Recording a voicemail greeting can be a surprisingly tricky task. What should you say? How would that come off to other people? Do you sound professional enough? These are the kinds of questions we know can come to mind. If you’re looking to record a professional voicemail greeting message for yourself or for your business, we’re here to help! To get us started, let’s talk about what makes for the best voicemail greeting.
6 important things that make for a good voicemail greeting
1. Think about who might be calling you, and why.
When deciding what you want to say in your voicemail greeting, take some time to think about who might be calling you and the reason why they could be calling. Are they calling to offer you an interview or a job? Is it a potential customer calling about your business? Take these possibilities into consideration.
It’s important to remain professional with your voicemail greeting for many reasons. If you’re currently representing a business, or you’re looking for work, your voicemail greeting could greatly impact the caller’s perception of you.
2. Politely add a “Thank You” or an “Apology.”
These things are always nice to include as a sort of courtesy to the person calling you. Let them know that you’re sorry you couldn’t get to the phone, and/or thank them for calling. If this outgoing voicemail message is for your business, you should be especially courteous because potential customers could be calling, and you want them to try to reach you again in the future.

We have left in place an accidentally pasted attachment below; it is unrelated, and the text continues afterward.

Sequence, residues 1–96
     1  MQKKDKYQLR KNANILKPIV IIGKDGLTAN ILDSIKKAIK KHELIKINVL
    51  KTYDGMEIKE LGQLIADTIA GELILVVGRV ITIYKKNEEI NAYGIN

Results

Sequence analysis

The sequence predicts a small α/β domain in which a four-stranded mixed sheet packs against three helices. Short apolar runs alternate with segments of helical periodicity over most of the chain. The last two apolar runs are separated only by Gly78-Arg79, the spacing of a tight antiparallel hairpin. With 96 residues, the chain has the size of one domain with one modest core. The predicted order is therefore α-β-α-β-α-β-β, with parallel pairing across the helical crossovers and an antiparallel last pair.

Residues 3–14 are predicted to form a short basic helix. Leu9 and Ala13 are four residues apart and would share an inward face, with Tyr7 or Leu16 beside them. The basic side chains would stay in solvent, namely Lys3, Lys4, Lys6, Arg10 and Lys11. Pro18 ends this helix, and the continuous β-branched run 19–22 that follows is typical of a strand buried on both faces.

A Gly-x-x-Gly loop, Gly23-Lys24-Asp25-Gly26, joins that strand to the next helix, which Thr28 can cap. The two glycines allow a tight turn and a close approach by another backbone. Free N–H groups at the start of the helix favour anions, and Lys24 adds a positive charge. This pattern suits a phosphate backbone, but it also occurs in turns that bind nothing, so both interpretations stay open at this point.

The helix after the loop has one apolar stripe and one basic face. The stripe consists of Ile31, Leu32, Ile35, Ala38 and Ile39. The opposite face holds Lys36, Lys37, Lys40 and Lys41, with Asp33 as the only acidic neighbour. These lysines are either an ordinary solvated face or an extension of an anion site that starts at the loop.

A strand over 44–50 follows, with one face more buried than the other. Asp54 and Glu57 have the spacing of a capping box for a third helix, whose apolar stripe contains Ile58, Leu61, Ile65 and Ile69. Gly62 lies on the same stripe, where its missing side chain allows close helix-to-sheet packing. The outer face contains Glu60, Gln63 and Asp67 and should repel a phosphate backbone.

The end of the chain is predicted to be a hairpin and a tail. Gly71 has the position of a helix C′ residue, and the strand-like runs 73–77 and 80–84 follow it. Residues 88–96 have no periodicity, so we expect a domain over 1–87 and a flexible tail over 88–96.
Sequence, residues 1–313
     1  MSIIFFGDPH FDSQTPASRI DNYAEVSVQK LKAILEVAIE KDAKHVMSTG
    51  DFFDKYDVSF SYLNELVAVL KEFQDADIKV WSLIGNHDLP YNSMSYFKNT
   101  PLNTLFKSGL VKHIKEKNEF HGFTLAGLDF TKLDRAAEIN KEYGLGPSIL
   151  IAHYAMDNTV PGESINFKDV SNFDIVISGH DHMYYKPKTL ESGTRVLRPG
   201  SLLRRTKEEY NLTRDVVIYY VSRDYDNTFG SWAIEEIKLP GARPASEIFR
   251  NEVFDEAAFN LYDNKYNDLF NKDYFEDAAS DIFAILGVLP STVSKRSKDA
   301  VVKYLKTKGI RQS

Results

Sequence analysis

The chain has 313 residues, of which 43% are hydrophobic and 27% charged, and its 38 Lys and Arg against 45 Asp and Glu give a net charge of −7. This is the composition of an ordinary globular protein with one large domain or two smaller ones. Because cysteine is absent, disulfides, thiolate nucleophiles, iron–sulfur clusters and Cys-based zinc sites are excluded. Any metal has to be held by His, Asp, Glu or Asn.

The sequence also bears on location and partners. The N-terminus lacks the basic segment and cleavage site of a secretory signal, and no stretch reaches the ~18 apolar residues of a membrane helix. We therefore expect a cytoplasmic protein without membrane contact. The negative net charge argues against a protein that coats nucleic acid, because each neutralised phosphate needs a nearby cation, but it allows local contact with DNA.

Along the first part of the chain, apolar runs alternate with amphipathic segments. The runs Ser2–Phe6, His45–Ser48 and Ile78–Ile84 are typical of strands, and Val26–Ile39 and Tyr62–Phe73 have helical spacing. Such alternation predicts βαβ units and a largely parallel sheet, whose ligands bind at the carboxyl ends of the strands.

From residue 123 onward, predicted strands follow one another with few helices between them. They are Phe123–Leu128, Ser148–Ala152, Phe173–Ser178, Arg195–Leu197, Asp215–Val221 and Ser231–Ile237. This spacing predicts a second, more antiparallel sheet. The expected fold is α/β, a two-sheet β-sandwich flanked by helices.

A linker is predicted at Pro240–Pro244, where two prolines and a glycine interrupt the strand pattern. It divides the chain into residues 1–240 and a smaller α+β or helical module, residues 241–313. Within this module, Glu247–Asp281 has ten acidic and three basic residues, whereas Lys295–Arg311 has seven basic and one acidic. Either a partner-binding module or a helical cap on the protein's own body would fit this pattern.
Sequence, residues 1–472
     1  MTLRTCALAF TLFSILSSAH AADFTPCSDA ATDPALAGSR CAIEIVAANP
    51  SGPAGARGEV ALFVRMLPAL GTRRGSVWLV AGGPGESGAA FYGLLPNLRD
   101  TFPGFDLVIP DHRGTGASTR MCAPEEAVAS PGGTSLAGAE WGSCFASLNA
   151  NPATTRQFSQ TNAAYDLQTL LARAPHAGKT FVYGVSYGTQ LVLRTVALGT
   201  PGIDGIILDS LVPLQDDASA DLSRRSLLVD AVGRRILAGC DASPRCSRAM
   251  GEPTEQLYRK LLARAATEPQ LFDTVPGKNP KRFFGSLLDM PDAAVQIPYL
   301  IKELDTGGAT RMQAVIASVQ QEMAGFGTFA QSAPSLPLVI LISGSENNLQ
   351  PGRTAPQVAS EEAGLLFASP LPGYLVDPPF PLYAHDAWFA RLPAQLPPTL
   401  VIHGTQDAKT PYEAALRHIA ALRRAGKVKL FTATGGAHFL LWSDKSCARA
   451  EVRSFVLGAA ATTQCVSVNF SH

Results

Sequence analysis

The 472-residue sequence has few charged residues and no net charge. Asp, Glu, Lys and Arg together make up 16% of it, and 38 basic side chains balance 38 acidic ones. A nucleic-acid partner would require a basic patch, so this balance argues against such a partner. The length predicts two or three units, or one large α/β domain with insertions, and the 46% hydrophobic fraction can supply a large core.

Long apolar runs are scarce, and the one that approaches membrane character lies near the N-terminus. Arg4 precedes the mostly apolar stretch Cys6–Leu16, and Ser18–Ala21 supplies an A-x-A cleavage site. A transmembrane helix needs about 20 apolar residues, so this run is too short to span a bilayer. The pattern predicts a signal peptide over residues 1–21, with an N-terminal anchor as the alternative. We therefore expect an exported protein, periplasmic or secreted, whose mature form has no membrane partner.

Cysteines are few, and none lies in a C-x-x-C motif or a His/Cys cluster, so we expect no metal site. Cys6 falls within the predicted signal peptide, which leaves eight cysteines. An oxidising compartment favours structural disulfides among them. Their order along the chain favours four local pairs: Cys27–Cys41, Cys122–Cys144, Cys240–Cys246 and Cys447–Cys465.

3. State your personal information to validate the caller.
At the beginning of your greeting, you should mention your name or the name of your business (or both) depending on what the phone number is for. This way, the person calling will know that they’ve reached the right number, and can leave a message as appropriate.
4. Record your greeting in a quiet place.
When you’re ready to actually record your greeting, try to do to in a quiet room. If you’re in a noisy place, you may end up with annoying background noise that can distract from what you’re saying in your greeting, lower the quality of the recording, or even prevent the caller from hearing what you’re saying; this could make your greeting seem less professional. If you can avoid being near other people, wind, fans, and anything else that could make noise while recording your greeting, try to do so.
5. Be as concise and brief as you can.
Try your best not to make your greeting too long. Give your name and business information (if applicable), thank the person for calling, and provide any other pertinent information, but try not to ramble on. Make your message brief while still getting your point across.
People tend not to enjoy a voicemail greeting that goes on and on, and it’s even possible that they will call you less frequently, or try to deal with someone else to avoid listening to an overly long voicemail message.
6. Motivate them to leave a message.